S-Space College of Medicine/School of Medicine (의과대학/대학원) Dept. of Medicine (의학과) Theses (Master's Degree_의학과)
Comparison of respiratory function recovery in video-assisted thoracic surgery and thoracotomy in patients with lung cancer
- 의과대학 의학과
- Issue Date
- 서울대학교 대학원
- 학위논문 (석사)-- 서울대학교 대학원 : 의학과, 2014. 2. 김영환.
- Introduction: Lobectomy is standard treatment for early lung cancer, with lobectomy by thoracotomy and video-assisted thoracic surgery (VATS) as the most common types. Some studies have shown that VATS lobectomy enables faster recovery of respiratory function than does thoracotomy because the former involves making only a small incision in the chest to access the lung. However, these studies featured only short-term follow-up periods. We evaluated and compared the advantages of VATS lobectomy and thoracotomy in terms of recovery of pulmonary function in patients with early lung cancer. We increased the follow-up period and analyzed respiratory recovery rate during the late postoperative phase.
Methods: Data on 649 patients with early lung cancer who underwent VATS lobectomy and thoracotomy at Seoul University Hospital and Bundang Seoul University Hospital from January 2005 to December 2010 were retrospectively reviewed. We classified the patients into the VATS (n = 406) and thoracotomy groups (n = 243) and compared baseline characteristics, pulmonary function data including forced vital capacity (FVC), forced expiratory volume in 1 second (FEV1), and peak flow rate (PFR) at 3, 6, and 12 months after surgery.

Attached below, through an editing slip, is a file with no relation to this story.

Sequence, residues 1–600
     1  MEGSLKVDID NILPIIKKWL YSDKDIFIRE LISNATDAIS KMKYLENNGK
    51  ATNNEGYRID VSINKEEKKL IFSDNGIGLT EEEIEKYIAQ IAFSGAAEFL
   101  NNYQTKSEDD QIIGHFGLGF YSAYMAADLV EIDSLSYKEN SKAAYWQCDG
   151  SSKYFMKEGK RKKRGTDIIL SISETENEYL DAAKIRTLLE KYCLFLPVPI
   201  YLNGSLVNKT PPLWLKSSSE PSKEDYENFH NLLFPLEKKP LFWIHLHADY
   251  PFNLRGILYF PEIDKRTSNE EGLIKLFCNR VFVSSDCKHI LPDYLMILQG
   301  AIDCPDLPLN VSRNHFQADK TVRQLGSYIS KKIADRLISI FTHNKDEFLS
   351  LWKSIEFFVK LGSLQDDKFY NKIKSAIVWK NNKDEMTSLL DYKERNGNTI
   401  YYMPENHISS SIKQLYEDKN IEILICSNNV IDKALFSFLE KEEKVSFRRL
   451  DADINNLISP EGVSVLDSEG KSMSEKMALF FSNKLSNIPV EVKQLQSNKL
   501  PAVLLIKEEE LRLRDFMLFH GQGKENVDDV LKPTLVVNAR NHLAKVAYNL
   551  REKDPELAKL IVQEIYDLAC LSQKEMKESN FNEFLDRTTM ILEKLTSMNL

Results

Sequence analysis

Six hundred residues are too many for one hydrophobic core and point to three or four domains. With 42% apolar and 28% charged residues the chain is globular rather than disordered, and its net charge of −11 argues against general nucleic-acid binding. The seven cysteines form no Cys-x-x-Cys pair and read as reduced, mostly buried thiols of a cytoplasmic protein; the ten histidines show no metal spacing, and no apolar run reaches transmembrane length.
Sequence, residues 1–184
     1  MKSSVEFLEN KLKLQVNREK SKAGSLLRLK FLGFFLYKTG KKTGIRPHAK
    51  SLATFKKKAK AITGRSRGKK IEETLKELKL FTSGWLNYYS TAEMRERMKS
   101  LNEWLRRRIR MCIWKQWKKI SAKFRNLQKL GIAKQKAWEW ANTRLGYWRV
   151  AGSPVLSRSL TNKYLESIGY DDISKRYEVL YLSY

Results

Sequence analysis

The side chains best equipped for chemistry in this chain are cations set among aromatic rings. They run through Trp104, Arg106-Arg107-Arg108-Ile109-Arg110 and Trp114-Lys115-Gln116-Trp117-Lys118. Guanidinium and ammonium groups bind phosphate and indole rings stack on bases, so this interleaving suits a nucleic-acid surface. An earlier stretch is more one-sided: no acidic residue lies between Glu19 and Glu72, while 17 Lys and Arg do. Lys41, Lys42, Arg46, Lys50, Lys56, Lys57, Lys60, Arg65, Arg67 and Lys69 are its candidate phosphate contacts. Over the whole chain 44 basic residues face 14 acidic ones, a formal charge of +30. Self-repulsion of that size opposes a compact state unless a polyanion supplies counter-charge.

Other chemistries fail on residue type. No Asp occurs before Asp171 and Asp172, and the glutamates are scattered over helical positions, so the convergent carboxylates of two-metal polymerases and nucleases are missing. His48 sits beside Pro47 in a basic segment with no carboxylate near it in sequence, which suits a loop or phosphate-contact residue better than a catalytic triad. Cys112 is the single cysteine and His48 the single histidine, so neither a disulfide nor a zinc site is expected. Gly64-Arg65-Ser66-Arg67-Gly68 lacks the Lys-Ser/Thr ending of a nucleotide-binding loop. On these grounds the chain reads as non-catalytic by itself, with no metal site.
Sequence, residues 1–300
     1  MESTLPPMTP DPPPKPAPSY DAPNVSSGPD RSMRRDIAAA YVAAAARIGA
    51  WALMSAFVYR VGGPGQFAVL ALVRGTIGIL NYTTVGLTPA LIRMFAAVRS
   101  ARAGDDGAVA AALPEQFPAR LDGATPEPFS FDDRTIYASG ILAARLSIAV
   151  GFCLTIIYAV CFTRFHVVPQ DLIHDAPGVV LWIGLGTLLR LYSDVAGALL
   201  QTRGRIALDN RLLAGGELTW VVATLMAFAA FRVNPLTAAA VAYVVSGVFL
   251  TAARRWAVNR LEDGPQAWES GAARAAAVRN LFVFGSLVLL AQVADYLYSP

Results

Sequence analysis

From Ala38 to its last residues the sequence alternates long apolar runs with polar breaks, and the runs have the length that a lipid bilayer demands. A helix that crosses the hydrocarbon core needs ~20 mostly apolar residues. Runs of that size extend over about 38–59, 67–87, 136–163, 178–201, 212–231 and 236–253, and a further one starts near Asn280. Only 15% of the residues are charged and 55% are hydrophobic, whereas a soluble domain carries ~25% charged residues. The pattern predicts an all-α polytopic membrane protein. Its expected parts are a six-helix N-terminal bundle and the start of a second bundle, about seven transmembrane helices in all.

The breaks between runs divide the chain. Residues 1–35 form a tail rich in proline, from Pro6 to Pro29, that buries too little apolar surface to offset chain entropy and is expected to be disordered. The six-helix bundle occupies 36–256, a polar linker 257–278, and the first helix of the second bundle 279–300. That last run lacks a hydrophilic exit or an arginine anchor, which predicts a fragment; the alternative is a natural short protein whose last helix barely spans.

Results: Among the 649 patients, the pulmonary function testing was conducted on 300, 497, and 362 cases at 3, 6, and 12 months after surgery and only 91 patients underwent all 3-, 6-, and 12-month pulmonary function tests. Repeated-measures analysis of covariance was performed on these 91 patients, and the 649 patients with missing data were analyzed by linear mixed effect model. All confounding factors that may have affected pulmonary function recovery were adjusted. Of the 91 patients, the VATS group exhibited a better FVC than did the thoracotomy group (p < 0.005). After analyzing the 649 patients by linear mixed model, the VATS group also showed better FVC than that of the thoracotomy group and this effect had an interaction over time (103.66 ± 1.27 vs. 96.37 ± 1.49, p < 0.0001 at 6 months, 107.01 ± 1.30, 100.28 ± 1.54, p = 0.0003 at 12 months). No significant differences were observed for in FEV1 or PFR.
Conclusions: VATS lobectomy presented more advantages in terms of recovery of late postoperative FVC than did thoracotomy after surgery, but no significant group differences were observed in FEV1 and PFR. Long-lasting postoperative pain after thoracotomy is thought to be the cause of this result.